Who, then, was to teach repentance to the fallen, the truth to the heretics, unity to the schismatics, and to the sons of God prayer and peace? Who was to bring back the virgins to the rules of a holy life? Who was to turn back against the Gentiles their blasphemous sophisms? Under the sword of death, who would speak of future happiness, and bring consolation to souls? Who would teach them mercy, patience, and the secret of changing the venom of envy into the sweetness of salvation? Who would assist the martyrs to rise to the height of their divine vocation? Who would uphold the confessors under torture, in prison, in exile? Who would preserve the survivors of martyrdom from the dangers of their regained liberty?
St. Cyprian, ever ready, seemed in his incomparable calmness to defy the powers of earth and of Hell. Never had a flock a surer hand to defend it under a sudden attack, and to put to flight the wild boar of the forest. And how proud the shepherd was of the dignity of that Christian family, which God had entrusted to his guidance and protection! Love for the Church was, so to say, the distinguishing feature of the Bishop of Carthage. In his immortal letters to his “most brave and most happy brethren,” confessors of Christ, and the honor of the Church, he exclaims: “Oh truly blessed is our Mother the Church, whom the divine condescension has so honored, who is made illustrious in our days by the glorious blood of the triumphant martyrs; formerly white by the good works of our brethren, She is now adorned with purple from the veins of Her heroes; among Her flowers, neither roses nor lilies are wanting.”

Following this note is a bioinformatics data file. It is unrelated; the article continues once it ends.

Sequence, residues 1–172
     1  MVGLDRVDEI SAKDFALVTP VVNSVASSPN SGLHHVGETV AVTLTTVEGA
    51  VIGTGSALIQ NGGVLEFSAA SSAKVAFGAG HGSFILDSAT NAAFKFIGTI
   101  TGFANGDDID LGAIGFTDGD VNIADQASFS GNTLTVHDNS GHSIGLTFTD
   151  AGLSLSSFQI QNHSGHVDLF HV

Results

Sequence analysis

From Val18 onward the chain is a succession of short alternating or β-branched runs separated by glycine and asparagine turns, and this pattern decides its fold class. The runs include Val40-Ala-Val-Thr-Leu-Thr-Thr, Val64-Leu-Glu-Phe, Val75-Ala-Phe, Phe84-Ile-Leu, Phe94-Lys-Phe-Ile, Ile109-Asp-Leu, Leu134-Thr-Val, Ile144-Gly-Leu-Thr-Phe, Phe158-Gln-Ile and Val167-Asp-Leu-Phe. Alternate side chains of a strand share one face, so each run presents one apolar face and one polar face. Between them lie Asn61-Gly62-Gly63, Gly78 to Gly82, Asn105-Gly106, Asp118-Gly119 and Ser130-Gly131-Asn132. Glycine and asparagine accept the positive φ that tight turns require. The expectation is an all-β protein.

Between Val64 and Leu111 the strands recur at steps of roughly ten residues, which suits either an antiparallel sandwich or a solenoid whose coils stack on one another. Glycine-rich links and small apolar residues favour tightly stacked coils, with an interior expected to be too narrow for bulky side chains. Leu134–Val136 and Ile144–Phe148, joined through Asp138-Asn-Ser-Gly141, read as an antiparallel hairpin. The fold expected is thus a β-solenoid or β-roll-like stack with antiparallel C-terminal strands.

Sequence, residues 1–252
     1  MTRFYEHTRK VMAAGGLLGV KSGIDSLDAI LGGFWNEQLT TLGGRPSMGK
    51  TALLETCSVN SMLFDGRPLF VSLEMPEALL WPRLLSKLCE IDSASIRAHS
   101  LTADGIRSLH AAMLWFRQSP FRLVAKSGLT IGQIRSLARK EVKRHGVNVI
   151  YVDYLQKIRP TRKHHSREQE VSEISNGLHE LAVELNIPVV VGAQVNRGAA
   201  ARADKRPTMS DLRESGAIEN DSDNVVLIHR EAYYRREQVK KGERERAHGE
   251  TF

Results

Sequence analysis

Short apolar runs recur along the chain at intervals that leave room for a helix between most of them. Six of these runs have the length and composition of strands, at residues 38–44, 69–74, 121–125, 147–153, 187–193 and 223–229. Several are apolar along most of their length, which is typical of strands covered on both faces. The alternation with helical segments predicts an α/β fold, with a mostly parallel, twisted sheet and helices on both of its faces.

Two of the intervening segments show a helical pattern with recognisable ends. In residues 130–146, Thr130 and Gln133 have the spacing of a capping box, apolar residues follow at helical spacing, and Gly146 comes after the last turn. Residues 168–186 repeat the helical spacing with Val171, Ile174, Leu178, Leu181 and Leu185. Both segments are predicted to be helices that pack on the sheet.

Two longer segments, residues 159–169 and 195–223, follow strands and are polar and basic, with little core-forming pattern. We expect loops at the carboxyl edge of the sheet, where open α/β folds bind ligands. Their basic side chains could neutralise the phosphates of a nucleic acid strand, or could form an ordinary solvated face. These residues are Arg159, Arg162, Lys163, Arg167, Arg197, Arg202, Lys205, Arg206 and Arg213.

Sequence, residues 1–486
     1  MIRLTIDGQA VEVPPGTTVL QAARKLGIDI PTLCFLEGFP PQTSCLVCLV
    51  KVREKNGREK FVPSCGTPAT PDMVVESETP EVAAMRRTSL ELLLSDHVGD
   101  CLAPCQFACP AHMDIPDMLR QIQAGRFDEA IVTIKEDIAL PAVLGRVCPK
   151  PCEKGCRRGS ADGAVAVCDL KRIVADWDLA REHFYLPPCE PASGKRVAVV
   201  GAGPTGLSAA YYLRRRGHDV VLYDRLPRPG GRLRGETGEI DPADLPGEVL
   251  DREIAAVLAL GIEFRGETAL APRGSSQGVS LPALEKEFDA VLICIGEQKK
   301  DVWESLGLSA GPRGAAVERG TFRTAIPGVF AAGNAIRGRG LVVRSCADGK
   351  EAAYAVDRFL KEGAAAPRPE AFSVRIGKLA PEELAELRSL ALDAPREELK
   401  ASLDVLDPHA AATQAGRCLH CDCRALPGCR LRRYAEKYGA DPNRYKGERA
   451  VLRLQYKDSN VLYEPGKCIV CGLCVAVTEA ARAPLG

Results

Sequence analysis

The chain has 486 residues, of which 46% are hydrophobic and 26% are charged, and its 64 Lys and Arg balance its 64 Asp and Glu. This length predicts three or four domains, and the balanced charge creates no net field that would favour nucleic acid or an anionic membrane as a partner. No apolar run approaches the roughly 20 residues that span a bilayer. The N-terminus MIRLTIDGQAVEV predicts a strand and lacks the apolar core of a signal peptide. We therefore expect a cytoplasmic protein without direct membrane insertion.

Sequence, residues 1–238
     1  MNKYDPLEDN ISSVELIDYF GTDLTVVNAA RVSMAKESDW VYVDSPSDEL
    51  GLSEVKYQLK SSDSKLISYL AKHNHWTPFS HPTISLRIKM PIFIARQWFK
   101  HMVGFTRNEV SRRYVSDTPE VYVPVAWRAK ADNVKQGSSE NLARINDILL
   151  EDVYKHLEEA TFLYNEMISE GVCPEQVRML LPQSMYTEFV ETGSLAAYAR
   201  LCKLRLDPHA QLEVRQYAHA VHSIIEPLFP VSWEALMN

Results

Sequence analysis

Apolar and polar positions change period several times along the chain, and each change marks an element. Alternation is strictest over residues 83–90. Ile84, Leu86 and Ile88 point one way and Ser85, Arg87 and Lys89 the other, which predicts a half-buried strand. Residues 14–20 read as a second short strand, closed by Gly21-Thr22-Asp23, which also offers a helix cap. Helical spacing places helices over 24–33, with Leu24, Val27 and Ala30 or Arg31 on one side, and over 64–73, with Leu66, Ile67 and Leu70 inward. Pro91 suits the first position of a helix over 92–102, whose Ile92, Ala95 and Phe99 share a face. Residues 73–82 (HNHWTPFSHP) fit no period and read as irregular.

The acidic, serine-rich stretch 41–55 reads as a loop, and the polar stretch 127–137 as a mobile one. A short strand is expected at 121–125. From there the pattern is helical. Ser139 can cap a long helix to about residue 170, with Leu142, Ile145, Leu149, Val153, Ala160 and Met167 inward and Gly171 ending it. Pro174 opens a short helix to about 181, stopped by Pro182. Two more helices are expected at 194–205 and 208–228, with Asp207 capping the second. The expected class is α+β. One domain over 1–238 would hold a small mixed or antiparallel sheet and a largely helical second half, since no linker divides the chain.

Unfortunately this very love, this legitimate, though falsely applied, jealousy for the noble Bride of our Savior, led St. Cyprian to err on the serious question of the validity of heretical baptism. “The only one,” he said, “alone possesses the keys, the power of the Spouse; we are defending Her honor, when we repudiate the polluted water of the heretics.” He was forgetting that although, through Our Lord’s merciful goodness, the most indispensable of the Sacraments does not lose its virtue when administered properly by a stranger, or even by an enemy of the Church, nevertheless it derives its fecundity, even then, from and through the Bride; being valid only through union with what She Herself does. How true it is, that neither holiness nor learning confers upon man that gift of infallibility, which was promised by Our Lord to none but the true Successors of St. Peter. It was, perhaps, as a demonstration of this truth, that God permitted this passing cloud to darken so lofty an intellect as St. Cyprian’s. The danger could not be serious, or the error lasting, in one whose ruling thought is expressed by these words: “He that keeps not the unity of the Church, does he think to keep the Faith? He that abandons the See of Peter whereon the Church is founded, can he flatter himself that he is still in the Cburch?”